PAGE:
Another faculty member is using a course blog, Twitter, and other digital communication tools to keep students engaged and working cooperatively outside the classroom. And a music professor is using the Internet video/audio service Skype to engage directly with piano-class students who have keyboards in their homes. More traditional options, such as take-home assignments and exams, are also in the mix. There are also spontaneous acts of “TLC” for the students: Last week, Gerald D. Holder, the Swanson School’s U.S. Steel Dean of Engineering, with help from staff and faculty, offered a table of refreshments for students in the Benedum Hall lobby.

Jason Dechant teaches an anatomy and physiology class in the School of Nursing. The class consists of more than 200 students—mostly freshmen—from disciplines such as nursing, physical therapy, occupational therapy, pharmacy, and even engineering. In the wake of recent events, he has ramped up his use of online teaching. He’s still holding his classes regularly, but he’s also offering a video feed of the class in real time, using a conferencing and collaboration platform. Students can access his class remotely and are able to view the class in session, to see Dechant’s desktop screen as he teaches, and to ask questions and receive feedback as the class proceeds.

“I’ve been at Pitt for 21 years and teaching for 15, and this situation is unprecedented,” says Dechant. “Taking into consideration what all of these students have been through recently, whatever is better for them is worth doing.”

Lab work, too, has been disrupted. Typically, students attend weekly lab sessions, where they work through a variety of activities, including the use of specimens and performing experiments in class, but the recent evacuations have interfered with scheduling and have raised uncertainty. So Dechant has set up a virtual lab environment utilizing a software platform included with his textbook to convey anatomy and physiology concepts. For a lab session on digestive enzymes, for instance, the online program enables students to measure and separate enzymes virtually and to complete self-tests about the lab content, with feedback assessments from Dechant. While the situation isn’t ideal, he says: “The students are accessing the materials, they’re still engaged, theyre still able to understand the content.”

Dechant and other professors are also using a traditional online system called Course Web, which has been used at Pitt for nearly a decade. This platform enables faculty to post the text of lectures and lab notes, to add audio content to posted materials, to conduct online assessments of students’ knowledge, and even to serve as a site for online office hours so that students can have real-time “chat room” interactions with professors, asking questions, getting feedback, or simply discussing concepts or assignments.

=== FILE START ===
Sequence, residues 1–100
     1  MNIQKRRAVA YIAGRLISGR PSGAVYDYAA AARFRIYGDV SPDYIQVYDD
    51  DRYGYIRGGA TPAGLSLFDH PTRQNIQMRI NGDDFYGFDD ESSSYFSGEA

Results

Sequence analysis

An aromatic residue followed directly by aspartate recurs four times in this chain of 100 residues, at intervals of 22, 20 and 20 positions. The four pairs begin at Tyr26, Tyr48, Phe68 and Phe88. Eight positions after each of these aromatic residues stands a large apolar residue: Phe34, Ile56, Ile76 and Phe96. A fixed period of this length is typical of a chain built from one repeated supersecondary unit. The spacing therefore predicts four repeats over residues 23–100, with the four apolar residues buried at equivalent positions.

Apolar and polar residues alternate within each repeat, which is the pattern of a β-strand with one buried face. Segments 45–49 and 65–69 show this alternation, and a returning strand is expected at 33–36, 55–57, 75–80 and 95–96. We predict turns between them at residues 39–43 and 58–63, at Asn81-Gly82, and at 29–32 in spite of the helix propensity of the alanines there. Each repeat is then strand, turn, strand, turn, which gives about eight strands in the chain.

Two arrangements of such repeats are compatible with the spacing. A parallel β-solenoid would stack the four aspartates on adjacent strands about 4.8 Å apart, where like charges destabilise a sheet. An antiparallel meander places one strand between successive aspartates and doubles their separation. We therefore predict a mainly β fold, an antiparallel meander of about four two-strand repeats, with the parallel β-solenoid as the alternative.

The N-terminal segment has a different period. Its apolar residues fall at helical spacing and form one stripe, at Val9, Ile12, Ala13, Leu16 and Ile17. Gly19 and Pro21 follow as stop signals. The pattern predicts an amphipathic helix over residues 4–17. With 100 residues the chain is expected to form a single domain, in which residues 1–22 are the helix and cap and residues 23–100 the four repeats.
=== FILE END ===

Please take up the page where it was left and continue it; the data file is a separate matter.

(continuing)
“The response from my students has been overwhelmingly positive,” said Dechant. “They want to complete the work and finish the semester.”

Student Affairs and Staff

The Division of Student Affairs, under the leadership of Vice Provost and Dean of Students Kathy Humphrey, has been busy tending students during middle-of-the-night evacuations—and parents 24/7.

About a dozen emergency-relocation response teams comprising Student Affairs staff have been formed, one of which is on always call from 9 p.m. to 6 a.m. to directly assist students required to evacuate Pitt facilities. Armed with cots, blankets, beverages, and a heartfelt concern for the students’ well- being, response team members—including the “first responder” residence hall directors—direct and accompany students and manage the evacuation sites designated by the Pitt Police. From creating quiet zones where students can study, rest, or sleep, to distributing water bottles and pretzel packets, to conducting crisis intervention counseling and almost everything in between—the response teams help students cope with an unprecedented situation. It is not uncommon for any of those nighttime teams to be accompanied by Pitt Chancellor Mark A. Nordenberg, Provost and Senior Vice Chancellor Patricia E. Beeson, or other senior University administrators, among them Pitt Athletic Director Steve Pederson and Head Football Coach Paul Chryst, all of whom are putting in evening and overnight shifts in a bid to lend a sense of stability to uncertain times.

Shawn Brooks, associate dean and director of residence life, said he’s seen “shining examples of people pulling together” during the unprecedented series of threats.

Student Affairs employees also staff Pitt’s call center, which was activated once residence halls became the target of security threats. The call center has received numerous calls, the majority from parents. In addition to listening compassionately and answering questions, the volunteers refer parents to Pitt’s Campus Safety Update Web page, www.pitt.edu/campus-safety.html. The page features, including other information, three letters to parents and one to students that Humphrey has written since the bomb threats intensified.

Together, as usual, Pitt people are getting it done.

(Sharon S. Blake, Diane Hernon Chavis, Cynthia Gill, Cara Masset, Anthony M. Moore, and Jane-Ellen Robinet contributed to this story.)